Dickens 2012 has been characterized by heartfelt responses to Dickens. In the ‘think pieces’ that follow, a number of scholars of Dickens and the Victorian period from the Victorian Studies Centre at the University of Leicester ruminate on the inflections of bicentenary feeling: What are the politics, and aesthetics, of Dickensian feeling? How close are these to Dickens’s expressed aspirations for his work? Are there continuities with Victorian responses, and those at the 1912 centenary? Where is 2012 sentiment located culturally and nationally? How are feelings other than celebration registered and expressed? The short pieces that follow seek to open up these questions in a way that will, we hope, encourage further response and discussion.
2012 has the feel of an iconic year. Its alliterative qualities roll off the tongue in a self-confirming way that signals its specialness. It’s an Olympic year; a Diamond Jubilee year; and it is Dickens’s year. All invite comparisons with the nineteenth century.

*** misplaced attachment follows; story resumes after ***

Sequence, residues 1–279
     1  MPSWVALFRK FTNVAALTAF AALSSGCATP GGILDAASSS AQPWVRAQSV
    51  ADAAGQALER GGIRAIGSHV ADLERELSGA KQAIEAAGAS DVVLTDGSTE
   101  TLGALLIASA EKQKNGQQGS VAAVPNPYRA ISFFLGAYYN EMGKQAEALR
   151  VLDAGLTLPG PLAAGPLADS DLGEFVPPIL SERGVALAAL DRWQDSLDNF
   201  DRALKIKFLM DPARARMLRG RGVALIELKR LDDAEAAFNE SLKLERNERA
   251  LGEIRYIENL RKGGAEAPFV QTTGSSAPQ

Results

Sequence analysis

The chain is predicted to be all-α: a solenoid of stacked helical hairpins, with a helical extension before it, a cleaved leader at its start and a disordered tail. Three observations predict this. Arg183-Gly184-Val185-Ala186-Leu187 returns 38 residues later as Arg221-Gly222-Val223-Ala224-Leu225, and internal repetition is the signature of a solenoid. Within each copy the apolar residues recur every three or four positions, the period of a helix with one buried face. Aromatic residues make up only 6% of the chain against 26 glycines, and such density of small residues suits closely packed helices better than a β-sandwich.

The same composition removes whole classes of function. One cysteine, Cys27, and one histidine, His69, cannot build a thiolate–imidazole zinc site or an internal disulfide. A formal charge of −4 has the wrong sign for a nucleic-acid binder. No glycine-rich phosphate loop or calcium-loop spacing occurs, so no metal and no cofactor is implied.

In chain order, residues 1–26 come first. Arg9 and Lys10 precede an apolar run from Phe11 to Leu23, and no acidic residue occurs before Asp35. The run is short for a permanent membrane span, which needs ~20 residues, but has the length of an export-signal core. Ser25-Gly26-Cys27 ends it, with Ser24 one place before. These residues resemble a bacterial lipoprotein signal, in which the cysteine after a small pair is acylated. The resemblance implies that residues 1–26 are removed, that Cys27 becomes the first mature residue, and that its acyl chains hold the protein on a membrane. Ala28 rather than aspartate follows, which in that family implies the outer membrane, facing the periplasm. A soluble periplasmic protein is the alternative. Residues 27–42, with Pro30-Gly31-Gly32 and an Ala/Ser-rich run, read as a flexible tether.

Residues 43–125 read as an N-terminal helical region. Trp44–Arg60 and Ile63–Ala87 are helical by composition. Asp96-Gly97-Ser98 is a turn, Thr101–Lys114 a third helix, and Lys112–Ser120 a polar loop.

The Olympics perhaps come as near as it is possible to get in our modern world to the international buzz of the Crystal Palace exhibition, to the sense of nations gathering to exhibit their wares and to assert their prowess — albeit on the sports fields, pools, rings, and velodromes of the modern games rather than in an exhibition of arts and technology. Queen Elizabeth’s Jubilee has generated comparisons with Queen Victoria’s, and seems set to resonate throughout the year with implications for modern Britain’s sense of itself. Queen Elizabeth’s first Jubilee visit of the year has been to Leicester, one of the most harmoniously multicultural cities in England. And Dickens has, it seems, been everywhere. There have been numerous celebrations, some of which are dealt with in more detail later in this round-table discussion. They range from BBC radio and television specials, a service at Westminster Abbey, a reception at Buckingham Palace for leading Dickensians from around the world, the launch of the superb Dickens Journals Online project under the guiding hand of John Drew at the University of Buckingham, and numerous reading projects designed to take new and old readers back to the novels with fresh eyes.